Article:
Finding search rankings for any amount of terms is a tough problem. Of course, if you want to reverse engineer a competitor’s keywords, you’ll start by getting their search terms. The same process listed above will work to track search terms, but again, using tools to do it for you is always a better use of your time. In addition to having the information available all the time via the web, some services will allow you to export this data to CSV or PDF for further analysis offline.
An app’s rating is a feature that web SEOs simply don’t have access to: a simple way to see how happy customers are with the product. Not only does a competitor’s rating allow you to see how much their users like their product, but because rating is a factor in ASO, it’s akin to tracking domain authority or PageRank.
Getting access to a competitor’s rating is easy: just open the appropriate app store and check it out. But always be sure to view at least the following three pieces of data (where available): (1) the current version rating, (2) the overall rating, and (3) the number of ratings for each star. This will allow you to see, over time, how the rating is changing, what releases/updates do well, etc.
Luckily for app marketers, we can go further than just ratings. We can see the exact feedback that an app gets through its reviews. Aggregating and seeing the exact words and messaging that are used about a competitor is an amazing tool to get into the minds of users and build further keyword research for your own search purposes.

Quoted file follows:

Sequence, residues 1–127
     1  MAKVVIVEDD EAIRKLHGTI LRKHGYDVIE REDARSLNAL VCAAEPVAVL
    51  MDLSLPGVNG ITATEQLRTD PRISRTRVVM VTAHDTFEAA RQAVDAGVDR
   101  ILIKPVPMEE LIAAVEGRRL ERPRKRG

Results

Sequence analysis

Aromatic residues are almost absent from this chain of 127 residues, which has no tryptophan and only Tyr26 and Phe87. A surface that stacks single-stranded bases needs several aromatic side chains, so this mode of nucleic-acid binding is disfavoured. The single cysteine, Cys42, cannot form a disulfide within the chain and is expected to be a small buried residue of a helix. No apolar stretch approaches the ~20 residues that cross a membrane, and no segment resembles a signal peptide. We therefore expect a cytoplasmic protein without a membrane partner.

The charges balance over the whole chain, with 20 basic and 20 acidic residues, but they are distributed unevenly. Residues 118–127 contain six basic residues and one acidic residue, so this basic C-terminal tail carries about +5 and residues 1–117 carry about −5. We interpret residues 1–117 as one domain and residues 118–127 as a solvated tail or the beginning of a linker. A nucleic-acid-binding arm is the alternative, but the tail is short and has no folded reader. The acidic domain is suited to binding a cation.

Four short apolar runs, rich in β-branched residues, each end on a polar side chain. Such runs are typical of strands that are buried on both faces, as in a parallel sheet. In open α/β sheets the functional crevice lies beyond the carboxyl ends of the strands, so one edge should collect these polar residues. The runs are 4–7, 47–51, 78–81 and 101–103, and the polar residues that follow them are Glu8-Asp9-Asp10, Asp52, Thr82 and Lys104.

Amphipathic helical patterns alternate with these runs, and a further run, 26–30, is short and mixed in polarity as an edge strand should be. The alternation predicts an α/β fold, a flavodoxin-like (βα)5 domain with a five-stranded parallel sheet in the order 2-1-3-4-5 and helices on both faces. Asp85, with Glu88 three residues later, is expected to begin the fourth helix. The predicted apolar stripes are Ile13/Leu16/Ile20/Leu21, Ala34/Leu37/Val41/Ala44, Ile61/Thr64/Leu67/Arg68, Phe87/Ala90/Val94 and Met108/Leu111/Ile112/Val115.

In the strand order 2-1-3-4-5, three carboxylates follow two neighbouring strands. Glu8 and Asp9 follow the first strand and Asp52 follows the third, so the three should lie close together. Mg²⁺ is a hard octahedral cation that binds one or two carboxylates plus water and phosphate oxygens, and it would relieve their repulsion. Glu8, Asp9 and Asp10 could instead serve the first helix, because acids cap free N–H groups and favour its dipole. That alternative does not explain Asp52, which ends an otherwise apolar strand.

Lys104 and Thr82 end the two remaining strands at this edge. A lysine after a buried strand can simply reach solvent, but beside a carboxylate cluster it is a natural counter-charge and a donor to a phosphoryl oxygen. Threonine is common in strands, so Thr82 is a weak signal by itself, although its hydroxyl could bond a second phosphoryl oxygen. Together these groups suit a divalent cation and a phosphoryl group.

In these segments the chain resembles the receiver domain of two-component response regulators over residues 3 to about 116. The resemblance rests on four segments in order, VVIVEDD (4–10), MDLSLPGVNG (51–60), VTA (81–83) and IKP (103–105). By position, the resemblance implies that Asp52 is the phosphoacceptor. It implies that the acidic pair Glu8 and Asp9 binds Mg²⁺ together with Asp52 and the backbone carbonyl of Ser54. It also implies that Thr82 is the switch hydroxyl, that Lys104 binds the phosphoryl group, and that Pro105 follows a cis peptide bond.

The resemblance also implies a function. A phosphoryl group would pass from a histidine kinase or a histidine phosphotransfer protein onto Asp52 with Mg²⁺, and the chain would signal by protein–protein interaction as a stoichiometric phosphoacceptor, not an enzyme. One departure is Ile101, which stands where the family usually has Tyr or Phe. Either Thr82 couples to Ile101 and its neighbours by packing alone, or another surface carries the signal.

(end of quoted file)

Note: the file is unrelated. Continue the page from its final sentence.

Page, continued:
It would seem that getting review messaging is just as simple as rating. However, it is much, much more difficult. The extra difficulty comes from the fact that you want representative messaging, not just anecdotes. That means you have to sift through large amounts of reviews in order to get the overall gist, and most common messaging, from all the reviews. Compiling all available reviews daily and keeping count of each word and phrase used (skipping unnecessary words such as ‘the’ or ‘and’, etc) gives rich keyword research to use in your app.
The frequency of updates by a competitor can tell you a lot: how much they care about their app, how much development power they have behind their app, how frequently they are testing new features and/or keywords, etc. Pairing release cycle and search rankings, a marketer can start to tell how a competitor is testing search keywords and performance, giving insights into what works and doesn’t work.
Tracking release cycle again requires constant attention to the app store. Check your competitor’s app store page for updates every day and track the release notes, the updated version number, and the date.
The overall popularity of a competitor is one of the most useful KPIs to track for an app marketer. By tracking each of the different KPIs above and distilling those down to a single popularity KPI allows an at-a-glance view of how each of these individual KPIs are actually affecting a competitor’s performance in app store search.
Popularity requires all the metrics above, plus Top Charts rankings, combined with a formula to give a single score KPI to use for a competitor. At MobileDevHQ, our Popularity score focuses on the most recent 30-day window for an app, to allow for fluctuation (especially week-over-week, when weekends/weekdays may cause big jumps/dips) without lagging behind.
Competitive intelligence can separate the good app marketers from the best app marketers, especially when it comes to App Store Optimization. Picking the right KPIs and tracking them religiously allows app marketers to see exactly which keywords to choose, where is best to compete, and set an app up for long-lasting success.
Of course, those are just a few of the best possible KPIs to track competitors when it comes to ASO. What other competitive KPIs do you track as an app marketer?